There follows an entrant for the 1997 Darwin Award, given to those who do the gene pool the greatest service by getting themselves killed in the most stupid fashion. You may remember last year's winner, who fitted his car with a rocket-assisted takeoff bottle, designed for launching large fighter aircraft.
Although this contestant did not kill himself (this time), we expect to be amused with the details of his demise in the near future. This man was injured in an accident and was therefore required to fill out an insurance claim form. As the cause of the accident, he put "poor planning." When the insurance company contacted him and asked for additional information, this was his response:
"You said in your letter that I should explain more fully and I trust the following details are sufficient. I am an amateur radio operator and on the day of the accident, I was working alone on the top section of my new 80-foot tower. When I had completed my work I discovered that I had, over the course of many trips up the tower, brought up some 300 pounds of tools and spare hardware. Rather than carry the now un-needed tools down by hand, I decided to lower the items down in a small barrel by using a pulley, which was fortunately attached to the gin pole at the top of the tower.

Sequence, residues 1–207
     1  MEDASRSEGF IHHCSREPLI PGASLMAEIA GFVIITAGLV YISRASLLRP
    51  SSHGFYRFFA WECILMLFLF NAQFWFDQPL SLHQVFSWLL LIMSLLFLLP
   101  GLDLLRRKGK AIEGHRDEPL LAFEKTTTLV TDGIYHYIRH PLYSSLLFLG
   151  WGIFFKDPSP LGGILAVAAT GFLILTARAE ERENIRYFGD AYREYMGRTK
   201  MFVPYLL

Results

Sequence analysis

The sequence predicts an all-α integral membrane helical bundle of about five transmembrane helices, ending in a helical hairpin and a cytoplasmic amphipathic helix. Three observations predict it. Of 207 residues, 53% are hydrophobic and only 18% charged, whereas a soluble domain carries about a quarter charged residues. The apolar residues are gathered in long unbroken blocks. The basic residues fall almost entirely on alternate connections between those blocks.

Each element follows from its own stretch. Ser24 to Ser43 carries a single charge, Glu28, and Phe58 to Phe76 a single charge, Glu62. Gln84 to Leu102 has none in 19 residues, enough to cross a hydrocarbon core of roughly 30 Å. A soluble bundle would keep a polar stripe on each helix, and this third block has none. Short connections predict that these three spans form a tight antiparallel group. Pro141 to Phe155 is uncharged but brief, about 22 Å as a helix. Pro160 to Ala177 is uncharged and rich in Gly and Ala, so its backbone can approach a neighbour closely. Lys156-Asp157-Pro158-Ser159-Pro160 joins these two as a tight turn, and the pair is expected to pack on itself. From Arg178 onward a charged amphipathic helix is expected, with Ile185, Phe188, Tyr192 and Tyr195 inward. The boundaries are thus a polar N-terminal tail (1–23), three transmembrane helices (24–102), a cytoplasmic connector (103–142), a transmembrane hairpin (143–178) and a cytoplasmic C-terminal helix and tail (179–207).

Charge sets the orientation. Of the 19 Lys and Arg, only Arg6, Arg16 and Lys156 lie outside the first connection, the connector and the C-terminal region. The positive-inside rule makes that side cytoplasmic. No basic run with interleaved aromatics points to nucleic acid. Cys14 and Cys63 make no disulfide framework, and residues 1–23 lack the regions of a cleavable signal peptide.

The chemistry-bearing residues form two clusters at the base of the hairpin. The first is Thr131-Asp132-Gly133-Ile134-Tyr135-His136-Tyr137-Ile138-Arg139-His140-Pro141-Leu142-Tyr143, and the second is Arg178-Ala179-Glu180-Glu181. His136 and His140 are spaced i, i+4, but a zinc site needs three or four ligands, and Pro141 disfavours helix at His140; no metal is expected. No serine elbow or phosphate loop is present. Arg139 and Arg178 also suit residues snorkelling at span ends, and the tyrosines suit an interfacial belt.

"Securing the rope at ground level, I went to the top of the tower and loaded the tools and materials into the barrel. Then I went back down and untied the rope, holding it tightly to ensure a slow descent of the barrel. You will note in Block Number 11 of the accident reporting form that I weigh only 155 pounds. Due to my surprise at being jerked off the ground so suddenly, I lost my presence of mind and forgot to let go of the rope.
Needless to say, I proceeded at a rather rapid rate of speed up the side of the tower. In the vicinity of the 40-foot level, I met the barrel coming down. This explains my fractured skull and broken collarbone. Slowed only slightly, I continued my rapid ascent, not stopping until the fingers of my right hand were two knuckles deep into the pulley. Fortunately, by this time, I had regained my presence of mind and was able to hold onto the rope in spite of my pain.
At approximately the same time, however, the barrel of tools hit the ground and the bottom fell out of the barrel. Devoid of the weight of tools, the barrel now weighed approximately 20 pounds. I refer you again to my weight in Block Number 11.
As you might imagine, I began a rapid descent down the side of the tower. In the vicinity of the 40-foot level, I met the barrel coming up. This accounts for the two fractured ankles, and the lacerations on my legs and lower body. The encounter with the barrel slowed me down enough to lessen my injuries when I fell onto the pile of tools and, fortunately, only three vertebrae were cracked.
I'm sorry to report, however, that as I lay there on the tools, in pain, unable to stand, and watching the empty barrel 80 feet above, I again lost my presence of mind. I let go of the rope and..."
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